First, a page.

Artwork by Chloe Leeson
It’s a very sad reality that so many people are reluctant to try out foreign language films because of the language barrier. Some people find unknown languages irritating, others find they can’t read subtitles fast enough or that it distracts from the image on screen. With such brilliant directors as Guillermo Del Toro, Park Chan-Wook, Lukas Moodysson and boy-wonder Xavier Dolan on the scene, these big names are getting harder and harder to ignore as US cinema becomes a cesspit of sequels and remakes. Here at Screenqueens, we love world cinema and wanted so show our appreciation so here is a discussion on Korean cinema, French and Hispanic directors and the New French Extremity movement.
TYLER DZIUBINSKI on the realism of Korean cinema
I had just started high school when I saw a Korean film for the first time. It was a horror movie called The Host and it opened up a rabbit hole of Korean cinema which I threw myself into enthusiastically. It began with horror films, but soon my fascination began to include comedies, dramas, thrillers, everything (Sidenote: I actually live in South Korea now too).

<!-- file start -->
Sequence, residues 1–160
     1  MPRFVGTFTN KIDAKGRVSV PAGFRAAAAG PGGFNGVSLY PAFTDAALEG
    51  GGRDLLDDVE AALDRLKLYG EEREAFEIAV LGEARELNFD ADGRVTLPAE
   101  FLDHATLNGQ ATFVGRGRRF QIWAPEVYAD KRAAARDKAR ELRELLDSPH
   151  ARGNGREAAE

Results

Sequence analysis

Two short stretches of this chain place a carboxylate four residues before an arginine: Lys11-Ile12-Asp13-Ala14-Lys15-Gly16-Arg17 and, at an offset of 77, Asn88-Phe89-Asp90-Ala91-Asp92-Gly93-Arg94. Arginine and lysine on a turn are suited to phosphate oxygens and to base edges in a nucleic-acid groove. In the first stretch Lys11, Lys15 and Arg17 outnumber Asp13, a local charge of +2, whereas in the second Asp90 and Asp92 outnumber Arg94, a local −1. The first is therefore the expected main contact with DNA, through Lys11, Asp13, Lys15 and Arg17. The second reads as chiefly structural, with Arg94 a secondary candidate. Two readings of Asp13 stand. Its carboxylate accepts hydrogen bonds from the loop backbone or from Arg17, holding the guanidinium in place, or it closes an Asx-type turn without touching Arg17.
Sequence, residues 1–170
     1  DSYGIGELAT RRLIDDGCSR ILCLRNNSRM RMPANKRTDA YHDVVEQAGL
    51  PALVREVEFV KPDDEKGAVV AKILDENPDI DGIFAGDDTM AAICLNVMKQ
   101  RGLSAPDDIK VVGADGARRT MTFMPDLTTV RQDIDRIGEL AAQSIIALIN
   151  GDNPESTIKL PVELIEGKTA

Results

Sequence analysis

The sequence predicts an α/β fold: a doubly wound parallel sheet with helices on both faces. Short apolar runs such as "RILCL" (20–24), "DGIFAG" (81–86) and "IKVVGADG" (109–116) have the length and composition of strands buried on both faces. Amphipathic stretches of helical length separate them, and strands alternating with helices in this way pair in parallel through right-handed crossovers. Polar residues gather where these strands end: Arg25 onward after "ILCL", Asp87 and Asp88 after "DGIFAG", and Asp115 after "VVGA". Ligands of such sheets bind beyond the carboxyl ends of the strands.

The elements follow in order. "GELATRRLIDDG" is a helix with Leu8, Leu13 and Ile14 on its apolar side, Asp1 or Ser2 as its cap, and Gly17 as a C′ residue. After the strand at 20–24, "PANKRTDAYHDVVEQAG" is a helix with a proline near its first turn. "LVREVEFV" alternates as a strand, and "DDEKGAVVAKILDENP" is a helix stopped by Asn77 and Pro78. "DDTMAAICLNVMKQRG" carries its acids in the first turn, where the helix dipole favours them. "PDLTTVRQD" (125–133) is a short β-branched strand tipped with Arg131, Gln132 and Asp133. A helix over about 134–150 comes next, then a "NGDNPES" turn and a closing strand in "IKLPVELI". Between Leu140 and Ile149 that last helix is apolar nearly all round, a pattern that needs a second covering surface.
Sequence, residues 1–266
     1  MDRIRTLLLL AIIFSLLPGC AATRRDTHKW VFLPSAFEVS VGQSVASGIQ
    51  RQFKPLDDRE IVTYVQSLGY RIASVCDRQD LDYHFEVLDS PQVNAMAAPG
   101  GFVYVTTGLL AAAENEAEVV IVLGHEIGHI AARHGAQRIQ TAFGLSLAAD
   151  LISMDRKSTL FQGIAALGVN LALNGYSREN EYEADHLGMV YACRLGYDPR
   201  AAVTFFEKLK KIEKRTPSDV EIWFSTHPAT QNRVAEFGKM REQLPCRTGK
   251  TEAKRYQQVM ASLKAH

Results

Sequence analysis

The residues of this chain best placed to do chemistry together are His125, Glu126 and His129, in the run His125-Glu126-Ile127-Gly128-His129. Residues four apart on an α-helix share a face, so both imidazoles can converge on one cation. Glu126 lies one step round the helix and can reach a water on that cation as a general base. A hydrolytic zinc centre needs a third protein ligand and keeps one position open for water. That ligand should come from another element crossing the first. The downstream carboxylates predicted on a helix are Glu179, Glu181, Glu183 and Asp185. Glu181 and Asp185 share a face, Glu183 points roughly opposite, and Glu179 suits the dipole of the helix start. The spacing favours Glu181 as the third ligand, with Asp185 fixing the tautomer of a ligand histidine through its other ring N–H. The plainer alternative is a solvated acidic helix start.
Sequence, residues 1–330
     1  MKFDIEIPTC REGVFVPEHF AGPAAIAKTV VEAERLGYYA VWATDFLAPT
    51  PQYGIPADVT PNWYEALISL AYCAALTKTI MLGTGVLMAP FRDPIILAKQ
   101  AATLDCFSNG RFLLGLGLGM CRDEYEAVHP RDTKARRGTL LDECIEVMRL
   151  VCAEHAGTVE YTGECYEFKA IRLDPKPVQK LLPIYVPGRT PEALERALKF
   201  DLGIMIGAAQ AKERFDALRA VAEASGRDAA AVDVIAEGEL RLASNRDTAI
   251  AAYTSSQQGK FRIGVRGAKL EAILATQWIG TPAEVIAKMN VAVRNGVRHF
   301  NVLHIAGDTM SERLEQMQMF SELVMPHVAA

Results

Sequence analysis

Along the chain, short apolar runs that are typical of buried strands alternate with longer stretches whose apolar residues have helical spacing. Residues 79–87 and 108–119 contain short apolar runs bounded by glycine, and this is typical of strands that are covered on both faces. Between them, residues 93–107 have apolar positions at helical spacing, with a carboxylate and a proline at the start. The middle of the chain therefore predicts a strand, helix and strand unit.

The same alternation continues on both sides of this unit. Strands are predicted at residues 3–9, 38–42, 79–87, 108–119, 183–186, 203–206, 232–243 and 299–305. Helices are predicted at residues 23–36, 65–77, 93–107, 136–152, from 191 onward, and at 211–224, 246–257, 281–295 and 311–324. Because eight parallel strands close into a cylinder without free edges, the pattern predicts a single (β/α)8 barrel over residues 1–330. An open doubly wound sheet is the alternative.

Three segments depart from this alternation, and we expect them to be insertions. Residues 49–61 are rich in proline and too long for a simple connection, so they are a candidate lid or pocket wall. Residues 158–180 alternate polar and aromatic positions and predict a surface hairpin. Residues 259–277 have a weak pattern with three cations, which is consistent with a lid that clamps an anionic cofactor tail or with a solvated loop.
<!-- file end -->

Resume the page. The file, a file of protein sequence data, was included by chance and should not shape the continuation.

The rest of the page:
Now, I don’t claim to be a Korean film expert who has seen everything, but what I have seen always tends to have a similar ending; that is, a practical and realistic ending. Whether it’s happy or tragic, the ending is always on the side of realism. Compared to American films which tend to have a wrapped-up, happy ending: the ultimate fantasy.
For example, with The Host, the main character spends the entirety of the movie searching for his daughter who was kidnapped by a monster. He finally confronts the monster, only to find his daughter in its mouth, dead and clutching another kidnapped victim, still alive. The man adopts the survivor as is own, and continues his life, never forgetting his daughter. If this film was American, we can expect the movie would have happened exactly the same… except his daughter would have survived.
In I Saw the Devil, a man seeks revenge against the psychopath who murdered his pregnant fiancé. The entire film involves the hero playing a twisted, torturous game of cat and mouse with the psychopath, until the psychopath gains the upper hand and turns his attention toward our hero’s would be father and sister-in-law. Long story short, the hero’s greedy revenge prevents him from saving their lives. And although the villain is killed in the end, the hero ends up losing even more than he initially had.